As it now stands, payroll taxes are set to go up at the end of the year. This impending hike would cost the typical American family almost $1000 next year, and would certainly impede the economy's path to recovery.
Yesterday, Democrats unveiled a plan
to actually lower payroll taxes from their current levels and make sure they won't be raised until 2013 at the earliest. Their plan also cuts the payroll tax for 98% of U.S. businesses and gives extra incentives for businesses to hire new workers between now and the end of next year. To ensure these measures won't add to the deficit, Democrats are proposing a 3.25% surtax on incomes over $1 million
. Naturally, this part of the plan isn't sitting pretty with Republicans, who are huge fans of anyone who has already achieved the American dream.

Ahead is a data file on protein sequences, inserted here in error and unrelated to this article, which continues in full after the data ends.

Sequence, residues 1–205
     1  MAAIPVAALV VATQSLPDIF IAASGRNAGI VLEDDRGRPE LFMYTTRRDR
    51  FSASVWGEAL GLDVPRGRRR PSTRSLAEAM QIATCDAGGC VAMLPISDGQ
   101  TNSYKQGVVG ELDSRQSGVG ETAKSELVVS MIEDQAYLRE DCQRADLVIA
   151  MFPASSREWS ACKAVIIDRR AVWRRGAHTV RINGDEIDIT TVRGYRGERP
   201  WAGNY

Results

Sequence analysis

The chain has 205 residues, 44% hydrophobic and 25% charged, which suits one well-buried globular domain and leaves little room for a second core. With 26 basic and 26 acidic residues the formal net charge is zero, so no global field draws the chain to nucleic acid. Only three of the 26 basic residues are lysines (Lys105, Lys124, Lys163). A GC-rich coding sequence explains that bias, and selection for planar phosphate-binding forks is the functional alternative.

A spokesperson for House Speaker John Boehner had this to say in response: "Republicans have said that extending the payroll tax break is a potential area of common ground, but coupling it with a job-killing tax hike on small businesses makes no sense whatsoever."
Boehner's spokesperson added that about 34 percent of small business income would be affected by the proposed surcharge.
Technically, Boehner's spokesperson is correct; a hefty portion of small business income would be affected-- so long as your definition of "small businesses" includes large law firms, bond traders who invest some of their income in investment partnerships, or any of the 70% of million-dollar earners who find ways to refer to themselves "small business owners"
when they file their taxes.